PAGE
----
Nude with Red Hair is one of two nude subjects that Bellows painted in his rural Woodstock, New York, studio in July 1920. The model has been identified as Agnes Tait, a young art student who was attending the Art Students League’s summer school in Woodstock. Both the figure’s pose, modestly covering her breasts with her raised left forearm and hand, and the use of light are strongly reminiscent of Titian’s famous
Bellows’s awareness of the importance of life drawing and old master precedents can be traced to his education with Robert Henri and remained in evidence throughout his career. Art historians have generally neglected George Bellows’s nude compositions despite the fact that they represent a significant part of his oeuvre. As early as 1905 Bellows had received recognition for his skill in life drawing as a student at the New York School of Art, and by 1910 he was teaching life classes at the Art Students League. Among his final major paintings are
George Bellows painted his first female nude in the fall of 1906 and titled it simply Nude, Miss Bentham (Barber Institute of Fine Arts). Bellows’s biographer, Charles H. Morgan, characterized this early effort as “academic in its dedication to anatomy and puritanic in its stark realism,” and noted that the artist “hung it prominently in the studio, but rarely exhibited it.”
Charles H. Morgan, George Bellows: Painter of America (New York, 1965), 66. The Barber Institute of Fine Arts organized a small exhibition, Bellows and the Body: The Real, the Ideal, and the Nude, and a symposium in 2016 to mark their acquisition of Nude, Miss Bentham. The two events represented the first serious scholarly appraisal of Bellows’s depictions of the nude.
Bellows to Katherine Hiller, 1910, quoted in Thomas Beer, Eugene Spreicher, and Atherton Curtis, George W. Bellows: His Lithographs (New York, 1927), 16. For a brief discussion of Bellows and the nude, see William H. Gerdts, The Great American Nude (New York, 1974), 162. Bellows’s interest in the male homosocial worlds of boxing and bathing is explored in Jonathan D. Katz and David C. Ward, Hide and Seek: Difference and Desire in American Portraiture (Washington, 2010).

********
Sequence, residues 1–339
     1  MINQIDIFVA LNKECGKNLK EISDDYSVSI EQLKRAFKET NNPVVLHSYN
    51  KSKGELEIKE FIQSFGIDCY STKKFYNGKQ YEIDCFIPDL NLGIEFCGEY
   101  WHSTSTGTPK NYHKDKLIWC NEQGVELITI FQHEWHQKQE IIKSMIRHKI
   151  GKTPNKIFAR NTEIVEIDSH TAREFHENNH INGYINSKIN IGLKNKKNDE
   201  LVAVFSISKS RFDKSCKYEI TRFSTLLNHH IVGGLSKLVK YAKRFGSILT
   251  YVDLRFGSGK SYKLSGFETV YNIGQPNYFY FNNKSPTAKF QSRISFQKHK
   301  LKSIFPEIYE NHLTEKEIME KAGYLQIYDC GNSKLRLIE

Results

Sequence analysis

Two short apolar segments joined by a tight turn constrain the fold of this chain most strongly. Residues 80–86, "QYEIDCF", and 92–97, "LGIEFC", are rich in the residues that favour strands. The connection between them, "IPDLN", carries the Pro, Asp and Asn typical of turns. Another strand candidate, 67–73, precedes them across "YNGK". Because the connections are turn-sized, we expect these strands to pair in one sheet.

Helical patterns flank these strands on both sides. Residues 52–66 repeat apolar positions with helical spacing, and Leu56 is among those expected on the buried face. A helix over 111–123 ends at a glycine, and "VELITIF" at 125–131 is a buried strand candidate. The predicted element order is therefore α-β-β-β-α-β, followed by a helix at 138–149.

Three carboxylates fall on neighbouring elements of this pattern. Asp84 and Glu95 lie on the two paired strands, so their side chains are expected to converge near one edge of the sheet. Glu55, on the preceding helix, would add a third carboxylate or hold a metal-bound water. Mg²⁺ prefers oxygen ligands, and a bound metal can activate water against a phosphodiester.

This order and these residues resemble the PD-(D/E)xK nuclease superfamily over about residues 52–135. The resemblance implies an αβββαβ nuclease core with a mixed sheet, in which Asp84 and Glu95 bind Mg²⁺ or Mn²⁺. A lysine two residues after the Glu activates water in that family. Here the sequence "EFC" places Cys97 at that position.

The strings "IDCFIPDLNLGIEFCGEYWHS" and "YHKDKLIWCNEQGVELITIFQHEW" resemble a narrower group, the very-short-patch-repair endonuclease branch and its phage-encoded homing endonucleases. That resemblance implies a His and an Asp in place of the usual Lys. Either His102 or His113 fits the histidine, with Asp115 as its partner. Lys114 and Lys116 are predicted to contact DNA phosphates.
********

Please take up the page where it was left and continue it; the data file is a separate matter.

While continuing to teach, Bellows did not produce any paintings of nudes from 1911 to 1914. In 1915, inspired by the example of his mentor Robert Henri, he painted Nude with a Parrot (private collection) and the semiclothed Torso of a Girl with Flowers (Union League Club of Chicago, IL).
The artist’s mother remarked of the latter painting: “It’s bad enough, George, to paint a girl with both of her breasts bare, but to show only one is nasty.” Charles H. Morgan, George Bellows: Painter of America (New York, 1965), 191.
Lauris Mason, The Lithographs of George Bellows: A Catalogue Raisonné, rev. ed. (San Francisco, 1992), cat. no. 43.
Bellows painted two half-length, seated female nudes in November 1919: Nude Girl with Fruit (private collection) and the striking Nude with a White Shawl (Collection of Dr. and Mrs. David A. Skier, Birmingham, AL). The latter was deemed “immoral” when it was exhibited at the National Arts Club’s annual exhibition in New York in 1922. This controversy reflected the persistent concerns regarding the depiction and censorship of the female nude in American society espoused in the late Victorian period by powerful figures such as Anthony Comstock, whom Bellows had mocked in a 1915 illustration for The Masses titled Exposed at Last!—The Nude is Repulsive to This Man.